“That was lovely,” said Beaumont, whose only previous success on the Flat was with Gale Force in the Newmarket Town Plate, an historic race but one which is not run under the Rules of Racing.

Beaumont, who has held a training licence for 22 years, added: “It’s taken a while to get Golden Groom right, and his owner Colin Stirling has been very patient.”

While Golden Groom did Beaumont a good turn, it is doubtful the trainer will ever develop a real soft spot for a horse he describes as “a swine”. Beaumont added: “He kicks and he bites and he really means it. He’s not an easy horse to handle.”

Ripon’s feature race fell to John Quinn and John Rowbottom with Grazeon Gold Blend, who gained victory by a nose under up-and-coming apprentice Jamie Kyne.

“Jamie has that knack of being able to get horses to run for him, which is something you can’t teach and you can’t learn,” said Quinn.

Patience is a virtue among racehorse trainers, as Julie Camacho has discovered this season, following a virus in her Norton yard.

But the green shoots of recovery are now evident, following several recent placed efforts by her horses and a welcome winner, courtesy of Young Gladiator at Newcastle last Saturday night.

Steve Brown, the trainer’s husband and able assistant, said: “We knew it was going to be a quiet spring, but, although not all our horses are right yet, they are getting there, and that has been confirmed recently with some placed horses and a winner.”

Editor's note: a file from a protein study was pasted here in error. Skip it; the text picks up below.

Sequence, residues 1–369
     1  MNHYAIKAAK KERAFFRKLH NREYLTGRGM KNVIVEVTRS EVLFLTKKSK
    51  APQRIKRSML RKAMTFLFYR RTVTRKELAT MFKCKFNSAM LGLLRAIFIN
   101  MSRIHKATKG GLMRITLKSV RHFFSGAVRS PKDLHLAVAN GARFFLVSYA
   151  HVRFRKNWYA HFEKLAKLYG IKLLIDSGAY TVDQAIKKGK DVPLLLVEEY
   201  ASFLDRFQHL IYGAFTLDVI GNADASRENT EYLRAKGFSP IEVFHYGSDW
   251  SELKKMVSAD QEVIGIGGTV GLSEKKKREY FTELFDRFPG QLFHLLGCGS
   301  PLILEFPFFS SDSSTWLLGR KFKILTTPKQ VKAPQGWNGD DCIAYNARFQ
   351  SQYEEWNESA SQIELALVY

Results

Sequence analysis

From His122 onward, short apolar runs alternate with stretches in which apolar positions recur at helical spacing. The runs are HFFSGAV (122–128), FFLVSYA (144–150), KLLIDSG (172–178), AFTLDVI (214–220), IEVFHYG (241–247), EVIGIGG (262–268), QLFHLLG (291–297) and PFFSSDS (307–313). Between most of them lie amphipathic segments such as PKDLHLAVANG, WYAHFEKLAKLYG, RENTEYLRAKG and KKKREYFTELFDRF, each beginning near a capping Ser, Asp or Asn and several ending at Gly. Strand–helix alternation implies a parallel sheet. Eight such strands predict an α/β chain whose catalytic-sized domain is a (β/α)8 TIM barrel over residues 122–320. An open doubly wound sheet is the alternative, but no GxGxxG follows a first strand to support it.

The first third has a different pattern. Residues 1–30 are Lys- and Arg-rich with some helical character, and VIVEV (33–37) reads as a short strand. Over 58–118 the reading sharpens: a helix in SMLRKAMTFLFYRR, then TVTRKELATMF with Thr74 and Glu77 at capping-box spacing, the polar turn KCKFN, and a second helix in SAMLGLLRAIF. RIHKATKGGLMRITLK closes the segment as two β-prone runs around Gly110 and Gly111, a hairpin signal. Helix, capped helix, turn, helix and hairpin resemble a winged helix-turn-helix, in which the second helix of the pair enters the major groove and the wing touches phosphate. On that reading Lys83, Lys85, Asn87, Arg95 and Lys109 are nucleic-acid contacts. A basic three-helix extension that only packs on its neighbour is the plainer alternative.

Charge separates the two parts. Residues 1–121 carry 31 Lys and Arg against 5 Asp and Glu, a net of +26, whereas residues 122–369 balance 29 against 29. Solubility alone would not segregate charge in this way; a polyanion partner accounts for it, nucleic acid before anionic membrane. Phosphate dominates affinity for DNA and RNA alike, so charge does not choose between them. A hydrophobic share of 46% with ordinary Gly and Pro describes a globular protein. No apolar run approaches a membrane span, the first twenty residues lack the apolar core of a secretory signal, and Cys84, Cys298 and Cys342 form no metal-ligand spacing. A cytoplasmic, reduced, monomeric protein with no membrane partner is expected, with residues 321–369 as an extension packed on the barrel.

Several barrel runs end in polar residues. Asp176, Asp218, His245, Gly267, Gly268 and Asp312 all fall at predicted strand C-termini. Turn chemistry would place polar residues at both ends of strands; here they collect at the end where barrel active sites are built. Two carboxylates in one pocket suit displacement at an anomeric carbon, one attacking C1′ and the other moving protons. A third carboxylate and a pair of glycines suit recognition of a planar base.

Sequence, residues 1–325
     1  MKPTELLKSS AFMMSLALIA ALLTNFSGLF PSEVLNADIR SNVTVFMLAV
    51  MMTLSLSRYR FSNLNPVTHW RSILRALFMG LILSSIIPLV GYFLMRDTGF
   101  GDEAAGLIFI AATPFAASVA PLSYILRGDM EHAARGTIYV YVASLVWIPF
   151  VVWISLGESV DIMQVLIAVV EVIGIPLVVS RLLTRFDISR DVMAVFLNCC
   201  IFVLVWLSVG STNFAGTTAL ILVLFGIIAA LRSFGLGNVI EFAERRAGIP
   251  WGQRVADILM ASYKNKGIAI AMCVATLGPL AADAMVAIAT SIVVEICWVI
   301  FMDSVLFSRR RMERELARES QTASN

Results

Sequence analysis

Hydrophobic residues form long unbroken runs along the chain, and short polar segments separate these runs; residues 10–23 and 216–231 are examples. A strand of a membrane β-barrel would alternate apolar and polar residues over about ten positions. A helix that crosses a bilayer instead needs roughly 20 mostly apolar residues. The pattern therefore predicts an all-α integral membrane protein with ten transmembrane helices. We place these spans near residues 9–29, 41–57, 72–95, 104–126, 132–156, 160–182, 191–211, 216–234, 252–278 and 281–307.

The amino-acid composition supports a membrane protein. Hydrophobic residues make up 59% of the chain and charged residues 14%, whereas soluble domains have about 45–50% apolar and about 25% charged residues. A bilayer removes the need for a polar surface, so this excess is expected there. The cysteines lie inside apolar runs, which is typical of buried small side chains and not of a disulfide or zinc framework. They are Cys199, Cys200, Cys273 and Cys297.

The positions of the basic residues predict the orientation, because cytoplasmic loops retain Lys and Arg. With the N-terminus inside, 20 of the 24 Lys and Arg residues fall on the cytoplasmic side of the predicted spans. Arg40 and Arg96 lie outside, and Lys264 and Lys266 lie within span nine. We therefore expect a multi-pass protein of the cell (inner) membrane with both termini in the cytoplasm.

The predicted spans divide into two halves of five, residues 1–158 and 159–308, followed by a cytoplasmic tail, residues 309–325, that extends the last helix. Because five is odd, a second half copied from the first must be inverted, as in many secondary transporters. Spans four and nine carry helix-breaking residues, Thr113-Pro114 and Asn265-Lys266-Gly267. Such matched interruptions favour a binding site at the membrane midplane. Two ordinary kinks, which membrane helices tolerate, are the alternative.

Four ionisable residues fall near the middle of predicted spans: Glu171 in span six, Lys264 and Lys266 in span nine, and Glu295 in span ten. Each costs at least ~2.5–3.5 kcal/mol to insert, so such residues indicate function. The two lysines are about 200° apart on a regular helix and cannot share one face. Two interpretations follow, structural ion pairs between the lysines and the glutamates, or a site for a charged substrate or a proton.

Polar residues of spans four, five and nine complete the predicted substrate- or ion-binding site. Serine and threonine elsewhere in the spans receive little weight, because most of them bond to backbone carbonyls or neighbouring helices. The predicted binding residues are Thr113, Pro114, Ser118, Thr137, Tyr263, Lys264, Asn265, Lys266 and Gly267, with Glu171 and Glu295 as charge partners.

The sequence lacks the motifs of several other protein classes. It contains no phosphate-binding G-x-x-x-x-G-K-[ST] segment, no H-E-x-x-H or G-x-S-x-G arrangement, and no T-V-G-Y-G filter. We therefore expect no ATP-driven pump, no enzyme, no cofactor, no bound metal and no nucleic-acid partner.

Paul Midgley may not have been too pleased that somebody beat him to the best prices available for Three Good Friends at rain-drenched Southwell last Sunday, but the Westow trainer was delighted to see his well-backed juvenile do the business all the same.

Backed from 16-1 (and more than double that on the betting exchanges) into 13-2, Three Good Friends did her job in determined style.

“I thought she’d like the sand surface, as she wants give in the ground on grass,” said Midgley. “It’s just a pity that someone nicked the best price.”

The previous night, Midgley had saddled two of the six runners in the sprint handicap at Newcastle and saw them finish first and third, with Dispol Grand taking the lion’s share of the spoils.

“He’s as hard as nails,” said the in-form trainer. “I wouldn’t like to get into a fight with him.”

Mick Kinane, seen at his vintage best when winning Saturday’s Epsom Derby on Sea The Stars, had, just three-quarters of an hour earlier, been beaten a short-head on the Tim Easterby-trained Captain Dunne in the £75,000 Investec ‘Dash’.

Over the fastest five-furlong course in the world, Captain Dunne led everywhere bar the last couple of strides, when he was nailed by the David Nicholls-trained Indian Trail, ridden by Paul Quinn. The time of the race? Just under 55 seconds.

Ryedale jockey Duran Fentiman notched the biggest success of his career at Musselburgh when winning last Saturday’s £40,000 Scottish Sprint Cup aboard Pavershooz, trained at Flaxton by Noel Wilson.

Tom Eaves is another local rider enjoying a fine time at present. The Norton-based jockey landed a Hamilton hat-trick last week, while Ryedale apprentice Freddie Tylicki is another hot jock at present. After two weeks’ suspension, under the totting-up system for breaching the whip rules, the 5lb claimer returned on Saturday with a winner at Doncaster and followed up with further successes at Southwell on Sunday and Pontefract on Monday evening.

Paul Pickard is another apprentice going well. He posted two Scottish successes last week within 72 hours on the same horse – the Alan Swinbank-trained Baizically.

Every apprentice remembers their first winner as a special moment, and last week it was the turn of Lee Topliss to enjoy that occasion at Ayr.

Topliss, 19, who is attached to Richard Fahey’s Malton stable, gained a wide-margin success on the versatile Joe Jo Star, who shone as expected as the odds-on favourite.

Previously attached to the Nottinghamshire stable of Derek Shaw, Topliss joined Fahey in the spring and has wasted no time getting off the mark.